A court in Indonesia has sentenced 7 men in jail for supporting the Islamic State. They were all sentenced between three and five years. The presiding Judge Syahlan said that supporting IS should be regarded as an act of terrorism.
Euronews reported that the men were sentenced for charges ranging from training with a military camp in Syria to spreading extremist ideology. They were also helping Indonesians to travel to the Middle East and join ISIS by raising funds.
Judge Syahlan said, “What was proven was the defendants’ intent to conspire in, assist, and prepare terrorism-related activities.” He emphasized that it was not important whether they actually carried out any attack or not.
Four men: Ahmad Junaedi, Ridwan Sungkar, Helmi Muhammad Alamudi and Abdul Hakim Munabari have been sentenced between 3 and 4 years of imprisonment, Singapore’s online news Today reports. Among them, Helmi Muhammad Alamudi stayed in an IS camp for two weeks and worked as a guard there. He also helped 39 Indonesian to join IS since June 2014.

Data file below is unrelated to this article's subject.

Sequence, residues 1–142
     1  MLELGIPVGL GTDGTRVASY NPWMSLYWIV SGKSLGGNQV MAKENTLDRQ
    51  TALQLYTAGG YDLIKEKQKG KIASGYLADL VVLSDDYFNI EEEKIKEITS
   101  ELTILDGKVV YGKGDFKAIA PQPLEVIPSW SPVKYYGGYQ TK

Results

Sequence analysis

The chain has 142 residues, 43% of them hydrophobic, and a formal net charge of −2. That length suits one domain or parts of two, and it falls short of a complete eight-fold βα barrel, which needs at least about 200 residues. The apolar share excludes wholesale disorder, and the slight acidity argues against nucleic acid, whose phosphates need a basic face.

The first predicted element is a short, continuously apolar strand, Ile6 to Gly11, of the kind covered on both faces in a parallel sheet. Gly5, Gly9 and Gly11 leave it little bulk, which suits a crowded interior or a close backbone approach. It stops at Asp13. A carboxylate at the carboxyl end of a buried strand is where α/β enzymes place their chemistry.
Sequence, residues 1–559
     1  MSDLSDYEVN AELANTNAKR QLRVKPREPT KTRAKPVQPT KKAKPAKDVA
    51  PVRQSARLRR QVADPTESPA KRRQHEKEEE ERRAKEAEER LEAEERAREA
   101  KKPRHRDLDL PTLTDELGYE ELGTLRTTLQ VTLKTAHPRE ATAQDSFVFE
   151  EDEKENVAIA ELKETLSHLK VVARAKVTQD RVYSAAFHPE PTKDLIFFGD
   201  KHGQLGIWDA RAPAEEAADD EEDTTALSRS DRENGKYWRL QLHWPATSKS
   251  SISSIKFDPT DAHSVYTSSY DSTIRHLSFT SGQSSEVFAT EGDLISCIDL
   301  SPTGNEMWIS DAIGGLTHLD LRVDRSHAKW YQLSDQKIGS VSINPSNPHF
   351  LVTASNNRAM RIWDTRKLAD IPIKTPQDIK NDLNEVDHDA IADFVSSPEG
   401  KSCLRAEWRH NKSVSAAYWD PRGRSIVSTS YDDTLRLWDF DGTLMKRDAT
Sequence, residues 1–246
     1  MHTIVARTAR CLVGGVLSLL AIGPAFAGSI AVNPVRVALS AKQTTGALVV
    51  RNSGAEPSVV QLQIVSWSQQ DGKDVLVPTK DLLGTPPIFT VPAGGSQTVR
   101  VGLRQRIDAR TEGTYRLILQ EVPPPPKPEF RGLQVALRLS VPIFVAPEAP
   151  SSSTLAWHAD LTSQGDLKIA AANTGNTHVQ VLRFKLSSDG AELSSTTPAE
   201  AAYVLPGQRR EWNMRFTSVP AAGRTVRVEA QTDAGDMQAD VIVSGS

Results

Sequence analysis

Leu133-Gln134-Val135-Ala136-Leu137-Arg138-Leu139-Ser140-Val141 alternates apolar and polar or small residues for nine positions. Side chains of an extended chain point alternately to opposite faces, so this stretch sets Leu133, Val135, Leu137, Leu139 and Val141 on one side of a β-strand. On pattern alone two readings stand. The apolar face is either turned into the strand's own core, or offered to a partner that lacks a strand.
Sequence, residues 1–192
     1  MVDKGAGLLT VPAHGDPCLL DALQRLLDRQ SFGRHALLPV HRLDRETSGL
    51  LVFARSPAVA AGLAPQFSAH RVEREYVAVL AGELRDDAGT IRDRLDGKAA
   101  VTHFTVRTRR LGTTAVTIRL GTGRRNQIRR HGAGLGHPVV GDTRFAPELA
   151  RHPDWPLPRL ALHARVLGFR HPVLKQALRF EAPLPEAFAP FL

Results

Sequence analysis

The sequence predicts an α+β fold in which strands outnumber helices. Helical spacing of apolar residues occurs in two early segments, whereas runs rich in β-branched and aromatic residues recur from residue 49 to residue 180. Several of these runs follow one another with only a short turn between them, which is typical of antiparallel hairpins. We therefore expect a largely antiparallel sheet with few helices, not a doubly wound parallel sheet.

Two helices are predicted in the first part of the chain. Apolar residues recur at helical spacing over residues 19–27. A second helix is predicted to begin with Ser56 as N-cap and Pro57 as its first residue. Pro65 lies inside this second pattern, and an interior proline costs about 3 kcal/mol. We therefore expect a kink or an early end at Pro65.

Two other men, Aprimul Henry and Koswara Ibnu Abdullah, who recruited Helmi, Ridwan, Ahmad and Abdul, were sentenced between 3 and 4 years. The seventh man, Tuah Febriwansyah, who was also known as Muhammad Fachry, had been sentenced for 5 years as he was actively involved in spreading IS propaganda. He had his own radical website through which he used to post violent videos of terrorism according to the new report filed by Today.
Sidney Jones, a Jakarta based security expert, said that although the verdicts were a step forward yet they were still too lenient. She also commented that Indonesian security laws are not very strong.
Last month’s terrorist attack in Indonesia demands stricter anti-terrorism laws. Although, that was the first militant attack after 2009, there were reports that many Indonesians were joining IS.
The 10 suspected Islamist militants who were arrested last year in December substantiates that links with IS are not new to Indonesia. The militants were foiling plots to bomb minority Shia communities, reported Australia Network.